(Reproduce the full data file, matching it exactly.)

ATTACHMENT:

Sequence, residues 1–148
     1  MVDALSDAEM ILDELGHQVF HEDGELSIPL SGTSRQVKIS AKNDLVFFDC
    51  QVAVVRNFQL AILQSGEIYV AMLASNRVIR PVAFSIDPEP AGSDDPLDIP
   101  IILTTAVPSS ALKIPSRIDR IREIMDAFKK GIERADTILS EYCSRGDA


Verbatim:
Sequence, residues 1–148
     1  MVDALSDAEM ILDELGHQVF HEDGELSIPL SGTSRQVKIS AKNDLVFFDC
    51  QVAVVRNFQL AILQSGEIYV AMLASNRVIR PVAFSIDPEP AGSDDPLDIP
   101  IILTTAVPSS ALKIPSRIDR IREIMDAFKK GIERADTILS EYCSRGDA